CBI is investigating arms racket in Jammu, how licenses are given?

J&K, 25/7:In connection with the investigation into the case of illegal grant of arms license, the CBI on Saturday searched the premises of Shahid Chaudhary, Deputy Commissioner of Udhampur. Apart from this, the agency had also searched the premises of his Zafar Chaudhary. Zafar Chaudhary said that Udhampur in Jammu and Kashmir is the headquarters of the Northern Command of the Army, so many applications are received from the retiring soldiers. He said that 36,000 arms licenses were issued in Udhampur district between 2012-16, out of which about 1,700 (about four per cent) licenses were issued during the tenure of Indian Administrative Service officer Shahid Choudhary.

The CBI on Saturday conducted searches at 40 places in Jammu and Kashmir and Delhi, including the premises of Shahid Choudhary and another IAS officer Neeraj Kumar, in connection with the illegal arms case. It is alleged that the administrative officers in contravention of the rules along with other accused gave arms licenses in the then state to those people who were not residents of the state. Between 2012 and 2016, 2.78 lakh licenses were given. After all, what is the rules for granting arm license, understand it in easy language.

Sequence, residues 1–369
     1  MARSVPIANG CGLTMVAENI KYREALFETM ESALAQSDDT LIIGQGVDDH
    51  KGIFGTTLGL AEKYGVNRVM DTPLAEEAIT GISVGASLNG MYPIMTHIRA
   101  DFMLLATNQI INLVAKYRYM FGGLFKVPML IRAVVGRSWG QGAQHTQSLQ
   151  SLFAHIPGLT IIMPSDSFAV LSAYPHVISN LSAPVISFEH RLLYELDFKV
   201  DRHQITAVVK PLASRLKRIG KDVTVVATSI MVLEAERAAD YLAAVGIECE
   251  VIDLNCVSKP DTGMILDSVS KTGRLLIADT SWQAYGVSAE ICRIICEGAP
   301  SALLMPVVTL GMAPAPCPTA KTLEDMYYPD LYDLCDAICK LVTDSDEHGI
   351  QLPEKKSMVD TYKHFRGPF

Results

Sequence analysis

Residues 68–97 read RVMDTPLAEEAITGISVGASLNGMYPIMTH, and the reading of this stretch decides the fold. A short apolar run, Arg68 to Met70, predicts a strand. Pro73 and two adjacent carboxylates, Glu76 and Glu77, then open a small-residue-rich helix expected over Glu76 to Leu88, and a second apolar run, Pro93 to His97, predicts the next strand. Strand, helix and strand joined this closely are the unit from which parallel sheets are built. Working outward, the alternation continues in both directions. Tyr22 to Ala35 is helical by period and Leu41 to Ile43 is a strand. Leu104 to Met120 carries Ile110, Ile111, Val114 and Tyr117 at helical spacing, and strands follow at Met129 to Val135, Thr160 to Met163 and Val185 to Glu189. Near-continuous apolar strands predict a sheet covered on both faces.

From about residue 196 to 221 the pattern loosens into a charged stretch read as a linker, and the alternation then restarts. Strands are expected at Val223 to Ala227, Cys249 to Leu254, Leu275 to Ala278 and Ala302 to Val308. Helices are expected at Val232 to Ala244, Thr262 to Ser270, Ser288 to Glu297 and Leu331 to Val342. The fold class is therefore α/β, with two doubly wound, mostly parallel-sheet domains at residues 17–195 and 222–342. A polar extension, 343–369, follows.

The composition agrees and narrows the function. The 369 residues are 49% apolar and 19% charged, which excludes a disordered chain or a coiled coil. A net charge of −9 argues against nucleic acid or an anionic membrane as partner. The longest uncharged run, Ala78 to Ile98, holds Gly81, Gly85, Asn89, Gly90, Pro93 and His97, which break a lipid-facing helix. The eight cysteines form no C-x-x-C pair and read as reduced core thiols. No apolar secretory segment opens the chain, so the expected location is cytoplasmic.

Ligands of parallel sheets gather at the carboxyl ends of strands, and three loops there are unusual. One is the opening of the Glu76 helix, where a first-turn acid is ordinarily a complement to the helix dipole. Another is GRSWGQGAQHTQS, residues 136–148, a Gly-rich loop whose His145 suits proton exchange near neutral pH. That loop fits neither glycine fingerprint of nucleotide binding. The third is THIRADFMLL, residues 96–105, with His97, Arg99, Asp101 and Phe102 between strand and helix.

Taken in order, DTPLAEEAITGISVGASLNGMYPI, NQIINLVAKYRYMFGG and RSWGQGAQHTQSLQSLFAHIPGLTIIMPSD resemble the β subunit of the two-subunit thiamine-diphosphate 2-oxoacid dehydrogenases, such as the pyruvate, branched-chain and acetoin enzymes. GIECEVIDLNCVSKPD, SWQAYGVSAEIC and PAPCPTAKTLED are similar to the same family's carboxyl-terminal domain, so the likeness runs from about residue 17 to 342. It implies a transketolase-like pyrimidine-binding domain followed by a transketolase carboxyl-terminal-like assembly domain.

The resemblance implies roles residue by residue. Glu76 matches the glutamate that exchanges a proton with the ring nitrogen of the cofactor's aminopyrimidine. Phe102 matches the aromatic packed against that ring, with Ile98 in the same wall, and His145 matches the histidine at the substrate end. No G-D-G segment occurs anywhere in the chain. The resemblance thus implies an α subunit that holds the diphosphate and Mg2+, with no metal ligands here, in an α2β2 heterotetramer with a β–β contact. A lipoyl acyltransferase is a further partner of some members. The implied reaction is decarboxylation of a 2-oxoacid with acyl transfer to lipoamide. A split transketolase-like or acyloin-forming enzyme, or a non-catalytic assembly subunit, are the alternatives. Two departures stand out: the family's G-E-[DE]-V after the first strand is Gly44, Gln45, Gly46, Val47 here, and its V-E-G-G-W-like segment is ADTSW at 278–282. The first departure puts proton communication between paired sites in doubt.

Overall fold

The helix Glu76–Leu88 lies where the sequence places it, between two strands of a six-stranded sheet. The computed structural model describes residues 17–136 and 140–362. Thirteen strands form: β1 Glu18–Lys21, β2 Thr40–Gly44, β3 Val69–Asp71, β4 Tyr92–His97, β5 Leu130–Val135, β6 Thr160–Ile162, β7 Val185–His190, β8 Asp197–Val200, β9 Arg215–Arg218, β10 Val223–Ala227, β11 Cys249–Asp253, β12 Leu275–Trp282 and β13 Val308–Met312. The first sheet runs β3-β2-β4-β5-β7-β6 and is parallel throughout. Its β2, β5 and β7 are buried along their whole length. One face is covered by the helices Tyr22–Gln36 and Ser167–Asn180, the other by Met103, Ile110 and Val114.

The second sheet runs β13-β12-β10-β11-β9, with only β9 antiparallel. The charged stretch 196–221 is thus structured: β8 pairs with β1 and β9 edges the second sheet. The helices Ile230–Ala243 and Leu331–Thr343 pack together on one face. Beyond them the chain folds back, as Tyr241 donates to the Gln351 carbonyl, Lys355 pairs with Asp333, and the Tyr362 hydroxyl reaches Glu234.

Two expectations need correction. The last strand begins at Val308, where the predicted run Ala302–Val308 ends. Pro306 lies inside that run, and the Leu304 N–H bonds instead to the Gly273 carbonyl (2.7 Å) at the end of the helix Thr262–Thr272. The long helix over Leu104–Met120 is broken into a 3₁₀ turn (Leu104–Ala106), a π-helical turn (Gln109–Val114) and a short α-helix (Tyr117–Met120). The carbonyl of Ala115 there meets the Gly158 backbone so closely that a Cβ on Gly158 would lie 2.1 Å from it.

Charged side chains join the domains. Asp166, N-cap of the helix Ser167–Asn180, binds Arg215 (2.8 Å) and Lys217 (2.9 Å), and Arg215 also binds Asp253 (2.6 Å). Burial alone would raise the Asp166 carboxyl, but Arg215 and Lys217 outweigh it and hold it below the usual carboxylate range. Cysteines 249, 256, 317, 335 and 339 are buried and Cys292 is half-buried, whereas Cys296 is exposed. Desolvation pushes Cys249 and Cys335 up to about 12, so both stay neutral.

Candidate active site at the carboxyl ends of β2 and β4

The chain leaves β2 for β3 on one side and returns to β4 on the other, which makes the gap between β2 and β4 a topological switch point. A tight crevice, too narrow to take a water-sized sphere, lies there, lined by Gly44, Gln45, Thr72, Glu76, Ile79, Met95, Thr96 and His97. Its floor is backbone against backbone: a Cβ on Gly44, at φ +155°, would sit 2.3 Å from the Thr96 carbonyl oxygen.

Who can issue arms license in India?
Licenses are granted for specific categories of weapons for personal use in India as per the provisions of the Arms Act, 1959 and the Arms Rules, 2016. The Center has said that the license for the banned category of weapons is given by the Union Home Ministry. Whereas the second category of arms license is given from the respective state government / union territory.

Who can get a license?
The Arms Act and the Arms Rules, 2016 – which replaced the Arms Rules, 1962 – are designed to curb violence using illegal weapons. Section 3 of the Arms Act prohibits any person from receiving or possessing a weapon unless he holds a license issued in this regard in accordance with the provisions of the Act and the rules laid down thereunder. An applicant for a arms license has to prove that he has a genuine need to protect his life or property due to his occupation, profession, job or anything else. This rule applies to those who can find weapons to protect their crops.

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